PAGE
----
In my last column, I teased y’all about my personal history with Chuck Box, author of the Joe Pickett novels. My editor elbowed my ribs and allowed as how I shouldn’t leave CSD readers hanging like that, so here we go.
It's no secret that Box likes to populate his novels with characters named after folks he knows in real life. That’s how I found myself transformed into Rodney “Mandan” Miller in his first book, Open Season.
Without going into too much detail, one of the main plot drivers in Open Season is a little mustelid that had long been thought extinct until one showed up in Joe Pickett’s woodpile.
This little critter, the Miller’s Weasel, took its name from a surveyor with the Lewis & Clark expedition, Rodney “Mandan” Miller, who stepped into a burrow and broke his leg.
As I recall, Mandan died in agony out in the Big Empty, a thousand miles from his cherished fleshpots in St. Louis. The Miller’s Weasel went extinct – or so everyone thought – until he turned up in Pickett’s woodpile and helped launch an exemplary Western literary career.
Chuck signed a first edition of Open Season for me, and inscribed it “To Rodney “Mandan” Miller…” followed by some flowery prose about the second-worst football player on the planet or something like that. I don’t have the book anymore, so I can’t quote the exact inscription. And that brings us to the rest of the story.
I cherished that book, because it's the closest I ever got to being famous. I hauled it around with me through two marriages and across several states. I’d wave it around during parties and exclaim, “Y’all are drinkin’ with a celebrity tonight!”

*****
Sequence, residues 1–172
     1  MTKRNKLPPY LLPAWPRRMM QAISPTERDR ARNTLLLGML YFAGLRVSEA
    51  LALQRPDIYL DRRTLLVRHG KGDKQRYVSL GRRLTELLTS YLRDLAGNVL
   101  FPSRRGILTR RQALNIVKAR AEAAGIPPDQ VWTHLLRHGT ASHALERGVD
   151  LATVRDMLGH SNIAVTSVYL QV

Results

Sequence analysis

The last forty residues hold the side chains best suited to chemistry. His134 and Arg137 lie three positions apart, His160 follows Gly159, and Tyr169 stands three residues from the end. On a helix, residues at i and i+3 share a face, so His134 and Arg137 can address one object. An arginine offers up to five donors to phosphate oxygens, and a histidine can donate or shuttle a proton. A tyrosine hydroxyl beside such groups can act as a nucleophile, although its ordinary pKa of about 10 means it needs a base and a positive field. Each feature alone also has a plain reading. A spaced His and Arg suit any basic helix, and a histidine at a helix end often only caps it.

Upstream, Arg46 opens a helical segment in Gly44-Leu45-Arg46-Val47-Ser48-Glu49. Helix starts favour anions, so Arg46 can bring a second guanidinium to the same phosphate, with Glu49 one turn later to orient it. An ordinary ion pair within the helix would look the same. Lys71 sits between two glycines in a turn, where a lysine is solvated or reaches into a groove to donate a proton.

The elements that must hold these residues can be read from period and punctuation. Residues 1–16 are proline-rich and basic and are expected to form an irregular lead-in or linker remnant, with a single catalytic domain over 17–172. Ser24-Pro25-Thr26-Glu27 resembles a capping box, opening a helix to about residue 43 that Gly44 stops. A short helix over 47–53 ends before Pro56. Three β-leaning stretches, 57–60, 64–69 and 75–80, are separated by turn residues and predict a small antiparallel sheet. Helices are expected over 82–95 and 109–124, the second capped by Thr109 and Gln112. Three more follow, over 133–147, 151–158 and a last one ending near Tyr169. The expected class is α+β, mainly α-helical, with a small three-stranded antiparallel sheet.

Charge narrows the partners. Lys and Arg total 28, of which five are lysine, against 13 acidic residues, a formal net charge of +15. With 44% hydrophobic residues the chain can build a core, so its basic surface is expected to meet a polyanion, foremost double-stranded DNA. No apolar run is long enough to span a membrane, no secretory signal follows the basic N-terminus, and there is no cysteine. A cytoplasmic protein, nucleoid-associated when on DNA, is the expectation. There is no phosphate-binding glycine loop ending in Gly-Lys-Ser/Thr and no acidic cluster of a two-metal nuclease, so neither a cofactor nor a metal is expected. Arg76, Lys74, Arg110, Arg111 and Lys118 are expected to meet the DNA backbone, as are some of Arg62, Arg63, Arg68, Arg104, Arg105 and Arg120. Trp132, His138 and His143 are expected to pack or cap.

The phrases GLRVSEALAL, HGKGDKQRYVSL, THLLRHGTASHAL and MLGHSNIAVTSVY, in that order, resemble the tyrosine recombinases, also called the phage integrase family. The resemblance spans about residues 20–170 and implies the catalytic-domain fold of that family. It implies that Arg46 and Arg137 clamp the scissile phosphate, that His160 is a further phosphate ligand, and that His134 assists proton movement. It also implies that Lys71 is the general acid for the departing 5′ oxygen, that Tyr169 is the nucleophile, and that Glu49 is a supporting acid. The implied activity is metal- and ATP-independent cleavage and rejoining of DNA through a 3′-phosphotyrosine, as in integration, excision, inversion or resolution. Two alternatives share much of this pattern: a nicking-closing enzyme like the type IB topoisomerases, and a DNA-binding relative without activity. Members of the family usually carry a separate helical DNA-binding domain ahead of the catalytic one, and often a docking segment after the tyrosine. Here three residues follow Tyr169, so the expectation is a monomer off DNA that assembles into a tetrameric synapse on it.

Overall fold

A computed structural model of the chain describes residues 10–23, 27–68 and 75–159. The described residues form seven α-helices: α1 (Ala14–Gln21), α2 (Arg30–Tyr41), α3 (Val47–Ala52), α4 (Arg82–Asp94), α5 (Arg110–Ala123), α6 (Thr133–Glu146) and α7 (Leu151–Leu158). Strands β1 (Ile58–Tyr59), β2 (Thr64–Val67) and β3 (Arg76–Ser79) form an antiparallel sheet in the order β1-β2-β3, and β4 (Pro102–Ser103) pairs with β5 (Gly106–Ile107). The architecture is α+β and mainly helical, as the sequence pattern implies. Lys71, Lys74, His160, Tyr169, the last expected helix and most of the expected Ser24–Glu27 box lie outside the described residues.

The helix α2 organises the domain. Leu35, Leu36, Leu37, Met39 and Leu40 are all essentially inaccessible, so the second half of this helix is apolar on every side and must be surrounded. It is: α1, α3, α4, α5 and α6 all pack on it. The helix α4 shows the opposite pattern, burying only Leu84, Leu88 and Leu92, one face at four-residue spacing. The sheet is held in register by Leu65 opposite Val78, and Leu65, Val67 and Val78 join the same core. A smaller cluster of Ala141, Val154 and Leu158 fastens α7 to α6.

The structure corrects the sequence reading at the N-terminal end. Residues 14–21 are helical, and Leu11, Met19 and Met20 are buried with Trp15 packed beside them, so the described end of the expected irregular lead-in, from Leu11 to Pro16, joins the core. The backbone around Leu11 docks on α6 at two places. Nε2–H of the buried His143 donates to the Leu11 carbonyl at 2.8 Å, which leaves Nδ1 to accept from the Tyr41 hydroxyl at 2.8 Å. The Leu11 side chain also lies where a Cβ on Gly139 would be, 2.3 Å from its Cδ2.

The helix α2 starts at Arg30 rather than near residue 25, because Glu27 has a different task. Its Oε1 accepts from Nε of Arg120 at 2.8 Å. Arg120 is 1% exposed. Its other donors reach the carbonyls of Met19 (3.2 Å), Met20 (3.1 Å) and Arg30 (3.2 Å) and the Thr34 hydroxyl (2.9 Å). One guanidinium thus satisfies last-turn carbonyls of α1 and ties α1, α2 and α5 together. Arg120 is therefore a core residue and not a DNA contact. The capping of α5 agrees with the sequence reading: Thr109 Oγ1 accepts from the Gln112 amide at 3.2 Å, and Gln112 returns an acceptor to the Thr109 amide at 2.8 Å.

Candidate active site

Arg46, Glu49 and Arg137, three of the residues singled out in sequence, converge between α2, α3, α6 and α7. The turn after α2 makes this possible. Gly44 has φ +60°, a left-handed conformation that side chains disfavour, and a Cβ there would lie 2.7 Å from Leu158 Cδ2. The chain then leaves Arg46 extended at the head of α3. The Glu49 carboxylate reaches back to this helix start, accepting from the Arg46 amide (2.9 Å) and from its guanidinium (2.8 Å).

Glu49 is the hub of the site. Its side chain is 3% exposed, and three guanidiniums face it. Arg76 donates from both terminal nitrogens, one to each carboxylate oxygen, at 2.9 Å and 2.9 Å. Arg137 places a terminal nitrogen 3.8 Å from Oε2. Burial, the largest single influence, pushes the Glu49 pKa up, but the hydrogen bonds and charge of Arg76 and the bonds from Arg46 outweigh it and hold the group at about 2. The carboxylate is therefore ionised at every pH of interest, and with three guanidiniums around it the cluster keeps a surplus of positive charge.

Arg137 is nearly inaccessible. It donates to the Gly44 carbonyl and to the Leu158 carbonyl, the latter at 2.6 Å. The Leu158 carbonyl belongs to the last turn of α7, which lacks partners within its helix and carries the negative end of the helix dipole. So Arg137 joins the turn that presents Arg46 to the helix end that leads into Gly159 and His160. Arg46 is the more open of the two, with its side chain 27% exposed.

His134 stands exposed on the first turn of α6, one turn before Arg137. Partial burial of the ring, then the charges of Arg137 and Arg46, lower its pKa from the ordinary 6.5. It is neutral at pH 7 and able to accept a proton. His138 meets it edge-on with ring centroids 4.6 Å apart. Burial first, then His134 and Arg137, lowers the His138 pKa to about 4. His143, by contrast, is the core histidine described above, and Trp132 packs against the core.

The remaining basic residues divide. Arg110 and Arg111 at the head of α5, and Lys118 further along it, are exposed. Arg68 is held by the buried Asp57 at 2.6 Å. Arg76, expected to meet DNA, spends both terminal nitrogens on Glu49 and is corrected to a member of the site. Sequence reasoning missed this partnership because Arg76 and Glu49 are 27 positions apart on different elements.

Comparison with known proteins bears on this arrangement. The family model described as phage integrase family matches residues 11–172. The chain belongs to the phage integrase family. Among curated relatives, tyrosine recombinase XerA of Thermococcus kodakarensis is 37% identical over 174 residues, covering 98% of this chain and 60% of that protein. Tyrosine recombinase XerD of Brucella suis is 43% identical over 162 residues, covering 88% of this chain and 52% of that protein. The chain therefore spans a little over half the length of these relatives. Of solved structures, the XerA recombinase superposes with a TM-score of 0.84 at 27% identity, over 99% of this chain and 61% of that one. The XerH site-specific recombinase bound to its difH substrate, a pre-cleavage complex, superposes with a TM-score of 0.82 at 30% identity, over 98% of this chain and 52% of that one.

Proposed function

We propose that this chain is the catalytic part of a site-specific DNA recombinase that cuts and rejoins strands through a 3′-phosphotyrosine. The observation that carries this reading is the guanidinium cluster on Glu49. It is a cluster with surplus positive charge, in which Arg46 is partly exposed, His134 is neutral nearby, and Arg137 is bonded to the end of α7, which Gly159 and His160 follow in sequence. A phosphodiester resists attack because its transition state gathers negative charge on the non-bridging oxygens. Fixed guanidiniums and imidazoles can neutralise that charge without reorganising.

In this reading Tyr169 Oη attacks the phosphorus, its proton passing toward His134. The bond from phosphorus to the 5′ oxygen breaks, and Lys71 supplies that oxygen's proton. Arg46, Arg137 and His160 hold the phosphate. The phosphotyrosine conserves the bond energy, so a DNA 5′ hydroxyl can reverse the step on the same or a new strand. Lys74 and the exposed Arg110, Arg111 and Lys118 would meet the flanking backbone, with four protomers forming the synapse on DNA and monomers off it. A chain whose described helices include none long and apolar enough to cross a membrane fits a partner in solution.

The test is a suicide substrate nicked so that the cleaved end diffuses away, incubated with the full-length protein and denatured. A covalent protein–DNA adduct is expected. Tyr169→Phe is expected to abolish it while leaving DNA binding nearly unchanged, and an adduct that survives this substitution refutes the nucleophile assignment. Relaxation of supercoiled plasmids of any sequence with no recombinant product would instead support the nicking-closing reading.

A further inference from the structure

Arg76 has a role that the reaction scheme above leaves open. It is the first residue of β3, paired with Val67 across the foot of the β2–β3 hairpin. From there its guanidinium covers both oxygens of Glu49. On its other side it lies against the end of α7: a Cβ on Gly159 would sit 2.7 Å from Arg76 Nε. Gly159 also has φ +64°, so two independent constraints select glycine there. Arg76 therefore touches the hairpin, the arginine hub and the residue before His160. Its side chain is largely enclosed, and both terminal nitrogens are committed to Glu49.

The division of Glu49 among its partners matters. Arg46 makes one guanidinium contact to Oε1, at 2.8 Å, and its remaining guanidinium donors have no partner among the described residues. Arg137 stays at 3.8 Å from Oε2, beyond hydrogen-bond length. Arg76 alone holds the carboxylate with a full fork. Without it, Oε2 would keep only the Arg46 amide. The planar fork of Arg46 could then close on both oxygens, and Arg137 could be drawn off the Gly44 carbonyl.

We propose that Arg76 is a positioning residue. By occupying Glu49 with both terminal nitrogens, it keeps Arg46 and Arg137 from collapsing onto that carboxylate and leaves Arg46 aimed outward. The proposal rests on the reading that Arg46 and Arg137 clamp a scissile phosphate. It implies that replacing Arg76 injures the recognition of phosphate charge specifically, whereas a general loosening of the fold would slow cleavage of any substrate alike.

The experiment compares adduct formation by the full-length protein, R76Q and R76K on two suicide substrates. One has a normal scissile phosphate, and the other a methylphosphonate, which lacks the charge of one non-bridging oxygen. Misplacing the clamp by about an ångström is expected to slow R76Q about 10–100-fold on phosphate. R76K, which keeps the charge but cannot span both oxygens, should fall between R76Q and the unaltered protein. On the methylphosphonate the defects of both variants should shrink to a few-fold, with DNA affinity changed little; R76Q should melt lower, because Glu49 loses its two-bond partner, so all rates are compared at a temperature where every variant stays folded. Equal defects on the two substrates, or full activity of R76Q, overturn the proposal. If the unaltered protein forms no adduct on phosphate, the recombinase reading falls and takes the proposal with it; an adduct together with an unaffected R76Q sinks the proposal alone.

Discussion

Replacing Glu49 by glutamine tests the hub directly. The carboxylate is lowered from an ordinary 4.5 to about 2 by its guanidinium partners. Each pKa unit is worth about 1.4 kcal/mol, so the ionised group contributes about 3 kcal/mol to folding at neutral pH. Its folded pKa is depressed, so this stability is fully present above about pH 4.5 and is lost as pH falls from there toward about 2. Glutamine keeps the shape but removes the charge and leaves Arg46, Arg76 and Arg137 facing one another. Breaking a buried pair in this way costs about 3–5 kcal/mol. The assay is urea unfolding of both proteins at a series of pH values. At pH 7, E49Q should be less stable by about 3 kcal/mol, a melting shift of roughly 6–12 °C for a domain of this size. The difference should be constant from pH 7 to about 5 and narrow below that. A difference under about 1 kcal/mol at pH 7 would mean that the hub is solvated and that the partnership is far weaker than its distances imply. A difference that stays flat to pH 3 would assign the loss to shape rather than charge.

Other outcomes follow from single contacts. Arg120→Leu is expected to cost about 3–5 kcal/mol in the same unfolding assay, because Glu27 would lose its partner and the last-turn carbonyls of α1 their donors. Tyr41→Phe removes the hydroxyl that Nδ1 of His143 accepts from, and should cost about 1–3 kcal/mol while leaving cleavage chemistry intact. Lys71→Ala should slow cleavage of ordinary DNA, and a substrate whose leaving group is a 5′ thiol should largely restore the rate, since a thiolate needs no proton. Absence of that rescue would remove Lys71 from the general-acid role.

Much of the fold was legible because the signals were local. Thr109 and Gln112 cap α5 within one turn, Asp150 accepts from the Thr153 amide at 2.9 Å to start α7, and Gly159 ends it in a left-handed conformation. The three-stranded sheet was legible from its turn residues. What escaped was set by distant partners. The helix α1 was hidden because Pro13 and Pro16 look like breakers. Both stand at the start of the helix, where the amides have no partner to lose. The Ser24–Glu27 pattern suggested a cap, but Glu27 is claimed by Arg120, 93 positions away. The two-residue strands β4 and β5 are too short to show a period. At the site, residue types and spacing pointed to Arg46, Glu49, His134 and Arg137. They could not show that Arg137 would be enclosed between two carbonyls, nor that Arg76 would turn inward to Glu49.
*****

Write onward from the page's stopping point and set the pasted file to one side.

I lost the book during our move from Corpus Christi to deeper into the Confederacy. We were choosing which books to keep and which to donate to the used book store, and Open Season found its way into the wrong pile. I blame the going-away party the night before and all those Everclear frappe’s.
Unpacking in the hills of northern Georgia, my heart sank as I realized that, just like my namesake, Open Season hadn’t survived the trip.
A couple years later, I heard a rumor around the ol’ campfire that Chuck was pissed off at me, madder’n a boiled badger.
Apparently, Chuck was doing book signing in Dallas or Denver or somewhere, and a guy with a Texas drawl asked to have his copy of Open Season signed. Tex said something like, “You already signed it to this guy, can you sign it to me?” Chuck saw his original inscription to me and immediately removed me from his Christmas card list.
Years later, the sagebrush telegraph was abuzz with a rumor that Chuck abruptly terminated an interview when he was asked about his feud with Mandan. I should have paid a lot closer attention when I was packing for the move.
While we’re cordial to one another now on the rare occasions that we bump into each other, Chuck and I have never sat down over a beer to set the record straight. He knows I still love him, but I also think there’s a certain symmetrical irony in how things stand now. It's almost literary.
And, in the back of my mind, I have this nightmare scenario where I say something to piss him off even worse. If that happened, I might find Rodney “Mandan” Miller resurrected in the next Joe Pickett novel as a three hundred-year old zombie ghoul who time-travels here to kidnap Marie Osmond.
My next death would be staked to the ground in that rough country around Hole-In-The Wall, with my flesh being slowly consumed by buzzards trained by Nate Romanowski, who is really, really good at revenge.